What Are The Benefits Of Co-Washing Your Hair?

Whether you prefer bubble baths or steamy showers, many of us have a simple hair-washing routine consisting of using shampoo and conditioner before giving it a good rinse. However, it's easy to see that there are many different types of hair out there. For this reason, hair product manufacturers have created various formulations to cater to these types. That being said, how you use these products can dramatically impact the health and appearance of your tresses.

One term that has become more commonly used as of late is "co-washing." If you've heard of it but you aren't exactly sure what it is, think of it as a way to simplify your hair-washing routine. All it involves is conditioner. Instead of reaching for your shampoo as soon as you wet your hair in the shower or tub, co-washing only requires you to have your conditioner on hand. Those with curly or dry hair textures often co-wash, but does this mean it's beneficial for your hair?

Because we all have different hair types, co-washing may provide more benefits for some than others. Before you make the leap and start ditching the shampoo regularly, you can do yourself a favor by familiarizing yourself with the potential advantages — and disadvantages — of co-washing. In the end, this knowledge will give you the confidence you need to use your hair products more efficiently.

Could you benefit from co-washing your hair?

Shampoo typically contains sulfates, which are known to strip hair of natural oils. This can result in dryness, which is something you should avoid if it's already an issue for you. Co-washing, or only using conditioner when you wash your tresses, can help you lock in moisture in your hair. This can be especially beneficial if you have a curly, dry, or frizzy hair texture. To co-wash effectively, make sure to massage the conditioner across your entire scalp, and then rinse out the product completely.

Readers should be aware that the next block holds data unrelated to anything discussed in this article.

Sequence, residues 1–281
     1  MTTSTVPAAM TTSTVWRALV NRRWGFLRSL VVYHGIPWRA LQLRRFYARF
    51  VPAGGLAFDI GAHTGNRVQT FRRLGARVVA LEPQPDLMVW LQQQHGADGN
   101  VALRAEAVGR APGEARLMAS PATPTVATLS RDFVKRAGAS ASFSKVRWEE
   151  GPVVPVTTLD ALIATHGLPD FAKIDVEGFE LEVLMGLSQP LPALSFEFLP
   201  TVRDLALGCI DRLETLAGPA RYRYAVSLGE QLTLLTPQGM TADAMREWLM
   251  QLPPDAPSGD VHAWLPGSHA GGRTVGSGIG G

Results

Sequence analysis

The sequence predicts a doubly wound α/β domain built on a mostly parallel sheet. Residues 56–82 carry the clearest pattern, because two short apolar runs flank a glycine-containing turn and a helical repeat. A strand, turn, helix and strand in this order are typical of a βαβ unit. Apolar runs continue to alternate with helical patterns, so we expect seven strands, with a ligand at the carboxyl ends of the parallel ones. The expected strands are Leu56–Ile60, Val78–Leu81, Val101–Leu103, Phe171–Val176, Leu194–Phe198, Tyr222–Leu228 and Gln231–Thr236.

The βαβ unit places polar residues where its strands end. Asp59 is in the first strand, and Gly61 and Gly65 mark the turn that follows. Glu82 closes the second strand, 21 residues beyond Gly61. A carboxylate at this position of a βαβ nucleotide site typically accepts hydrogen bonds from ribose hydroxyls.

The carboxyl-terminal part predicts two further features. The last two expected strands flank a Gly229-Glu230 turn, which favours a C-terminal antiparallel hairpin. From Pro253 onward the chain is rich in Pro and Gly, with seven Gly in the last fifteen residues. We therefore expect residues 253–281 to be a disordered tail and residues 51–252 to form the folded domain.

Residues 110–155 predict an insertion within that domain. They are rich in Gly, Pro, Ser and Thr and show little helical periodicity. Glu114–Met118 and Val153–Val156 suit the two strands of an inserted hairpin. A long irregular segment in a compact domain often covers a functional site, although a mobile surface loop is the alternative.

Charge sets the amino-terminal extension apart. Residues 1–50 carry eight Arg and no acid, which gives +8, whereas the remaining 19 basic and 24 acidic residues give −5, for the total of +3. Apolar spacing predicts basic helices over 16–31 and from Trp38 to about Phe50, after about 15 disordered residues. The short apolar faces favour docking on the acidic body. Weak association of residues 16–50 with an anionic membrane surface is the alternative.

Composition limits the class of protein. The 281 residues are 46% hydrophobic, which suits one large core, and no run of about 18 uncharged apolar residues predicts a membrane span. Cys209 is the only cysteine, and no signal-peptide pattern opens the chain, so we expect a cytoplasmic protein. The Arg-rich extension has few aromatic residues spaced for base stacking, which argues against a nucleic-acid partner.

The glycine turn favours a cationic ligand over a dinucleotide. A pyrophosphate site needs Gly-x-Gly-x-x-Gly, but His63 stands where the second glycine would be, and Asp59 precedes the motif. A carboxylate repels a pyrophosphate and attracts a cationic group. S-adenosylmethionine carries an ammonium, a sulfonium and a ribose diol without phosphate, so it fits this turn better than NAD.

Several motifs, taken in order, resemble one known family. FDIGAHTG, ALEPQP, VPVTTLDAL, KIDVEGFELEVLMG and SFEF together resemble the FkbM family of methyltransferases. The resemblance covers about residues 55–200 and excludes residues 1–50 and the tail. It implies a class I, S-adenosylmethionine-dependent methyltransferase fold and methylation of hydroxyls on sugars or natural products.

While shampoo has been deemed "the enemy" by many as of late, it's still an essential hair product in terms of keeping your tresses and scalp clean. "Many people report having softer hair once they have co-washed their hair, but the 'benefits' are often short-lived, with the practice leading to a host of hair and scalp issues," hair product creator Rachael Corson told Healthline. Using shampoo can eliminate the buildup of sweat, excess oil on your scalp, dirt, and dead skin cells. If you love the results of co-washing but still want to keep your tresses and scalp clean, keep your shampoo in the mix. Corson recommends using a gentle (or even sulfate-free) shampoo every seven to 10 days. If you have a particularly oily scalp or notice that "dirty" feeling before a full week is up, don't hesitate to shampoo.

Identifying your hair type and beneficial products

Whether oiliness, dryness, or frizz is a problem for you, your hair care routine can be modified to tackle almost any of these issues. That being said, it helps to know your hair type to ensure that you're using the right products regularly. "Do a ponytail test and see if the diameter of the pony is smaller than a quarter," hairstylist Neil Grupp recommended to Today. "That means you have fine hair. And a quarter or more means you have medium to thick hair." From here, you can begin to shop for shampoos and conditioners that suit your specific hairstyle.

Keep in mind that outlying factors, such as water temperature, play a role in the health of your hair as well. For example, rinsing your hair at the end of your shower with cool water (rather than warm or hot water) can seal your cuticles, locking in moisture to prevent frizz. Using your shampoo once (instead of rinsing and repeating) is also all you need to reap the benefits of the product. Don't forget to focus the shampoo on your scalp, where it can provide the most benefits, and reserve the conditioner for your ends. This can be especially helpful if you have breakage or dryness at the tips of your hair. Happy washing!